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How do you sell your home if it has a judgement or lien?

Can you sell your home if you have a judgement? If so, how can you do it? Who will buy it?

There can be many quirks in trying to sell a home today. One of the sneaky ones which have often derailed real estate closings at the last minute and have caused many foreclosures are judgements being attached to properties.

The Challenges

These are debts which are added to the amount which needs to be paid off on the sale of a property in addition to any mortgage balance you have. Not all homeowners are aware of these judgements or that they are attached to their homes. Even those that are may not always realize the impact on trying to sell. At least not until the last minute when it kills their closing.

This is often because the seller ends up having to come to closing with money to just get rid of the property and debts. Or because it can mean the buyer has less equity than they thought, and will owe that after they buy. Or because some liens can actually prevent the transfer of title and ability to insure title.

So, even if you have had a house sale fall apart before, how can you sell your home?

Common Types of Judgements & Liens

When talking about ‘judgements’ most people are talking about debts that have been awarded to another party in a court by a judge. For example; you didn’t pay your credit card bills or were found guilty of ripping off a business partner, not paying a commercial loan back or were at fault in an accident.

Not all states allow these types of judgements and debts to be attached to personal residences. Some may. However, there are many other types of judgements, debts and liens that may be attached to your property.

Common ones include:

  • Utility liens
  • IRS liens
  • Property taxes
  • Second and third mortgages and lines of credit
  • Mechanics and contractor liens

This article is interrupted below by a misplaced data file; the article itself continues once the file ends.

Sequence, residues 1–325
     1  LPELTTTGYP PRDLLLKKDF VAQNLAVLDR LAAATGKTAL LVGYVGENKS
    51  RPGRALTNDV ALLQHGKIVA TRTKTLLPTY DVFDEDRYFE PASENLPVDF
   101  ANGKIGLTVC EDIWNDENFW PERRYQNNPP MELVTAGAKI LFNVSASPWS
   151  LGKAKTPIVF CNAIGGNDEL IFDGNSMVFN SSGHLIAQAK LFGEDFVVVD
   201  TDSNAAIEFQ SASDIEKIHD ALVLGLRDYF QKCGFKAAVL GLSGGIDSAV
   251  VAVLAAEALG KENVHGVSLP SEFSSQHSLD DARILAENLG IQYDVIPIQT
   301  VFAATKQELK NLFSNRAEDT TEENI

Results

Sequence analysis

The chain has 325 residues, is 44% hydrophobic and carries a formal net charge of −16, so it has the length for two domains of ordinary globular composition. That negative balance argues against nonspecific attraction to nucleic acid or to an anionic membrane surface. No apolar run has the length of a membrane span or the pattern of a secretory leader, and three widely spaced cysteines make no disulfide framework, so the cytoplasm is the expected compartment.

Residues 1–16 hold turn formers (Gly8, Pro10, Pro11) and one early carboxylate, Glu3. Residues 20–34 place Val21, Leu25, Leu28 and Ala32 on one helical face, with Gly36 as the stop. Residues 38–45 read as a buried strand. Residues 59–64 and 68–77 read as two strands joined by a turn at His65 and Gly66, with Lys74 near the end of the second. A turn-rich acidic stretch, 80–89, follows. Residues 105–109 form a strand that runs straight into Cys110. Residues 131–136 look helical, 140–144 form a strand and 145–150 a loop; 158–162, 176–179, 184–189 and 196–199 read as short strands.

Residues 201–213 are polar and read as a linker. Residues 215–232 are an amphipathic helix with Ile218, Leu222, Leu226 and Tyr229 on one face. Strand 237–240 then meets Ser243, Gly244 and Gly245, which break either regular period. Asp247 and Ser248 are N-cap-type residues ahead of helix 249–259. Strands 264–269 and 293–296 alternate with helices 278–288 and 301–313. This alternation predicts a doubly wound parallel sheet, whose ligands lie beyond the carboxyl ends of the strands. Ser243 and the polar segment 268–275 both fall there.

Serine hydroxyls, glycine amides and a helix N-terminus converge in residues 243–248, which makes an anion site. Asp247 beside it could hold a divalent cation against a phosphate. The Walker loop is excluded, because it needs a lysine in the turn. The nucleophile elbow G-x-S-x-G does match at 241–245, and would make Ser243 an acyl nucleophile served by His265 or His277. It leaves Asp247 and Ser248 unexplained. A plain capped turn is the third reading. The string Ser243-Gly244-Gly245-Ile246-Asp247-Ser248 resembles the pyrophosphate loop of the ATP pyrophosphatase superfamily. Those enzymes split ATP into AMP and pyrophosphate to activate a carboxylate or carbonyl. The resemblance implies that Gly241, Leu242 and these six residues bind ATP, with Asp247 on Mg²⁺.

• Some types of grants for homeowners
  • City code violations
  • Attorneys fees in a foreclosure
  • Point of Sale conditions required by cities
  • HOA and condo dues and special assessments
  • Prepayment penalties

Again, some of these are simply debts that need to be paid off at closing from the seller’s proceeds before a transfer is complete. Others can actually prevent a sale and the buyers from obtaining title insurance and a mortgage loan. Some may need to be settled in advance. Or the buyer must be willing to take on these additional debts.

The Keys to Selling a Home with Judgements or Liens

  1. Find Out How Much You Owe

If possible, find out how much you owe upfront. This definitely helps avoid surprises, gives you a more accurate estimate of what you’ll net in a sale, and avoid roadblocks. You can request payoffs from lenders and creditors, and have a title company perform a lien search.

2. Find a Buyer Willing to Take it on

Often you may not have the cash to pay off judgements and liens before the closing. You may not even be able to sell for enough to cover all the judgements and liens. You probably don’t want to gamble on taking on more debt or betting your last savings or retirement money on settling extra debts or making improvements with just a hope of being able to sell. So, you may have to be more transparent about the challenges upfront, and look for a buyer willing to take on these debts and challenges themselves. This isn’t going to be your average home buyer. It will probably need to be a professional investor.

3. Find a Buyer that has the Experience

If the numbers just don’t work as they are or there are code violations and permit problems which need to be solved you need a buyer who is not only willing to take them on, but who has the experience in negotiating with creditors and the city and knows how to get them solved or has an attorney or title company who can do it.

4. Request Cash Offers for Your Home

Hop online and request purchase offers from cash buyers and investors who don’t need a mortgage loan and who are used to dealing with situations like these.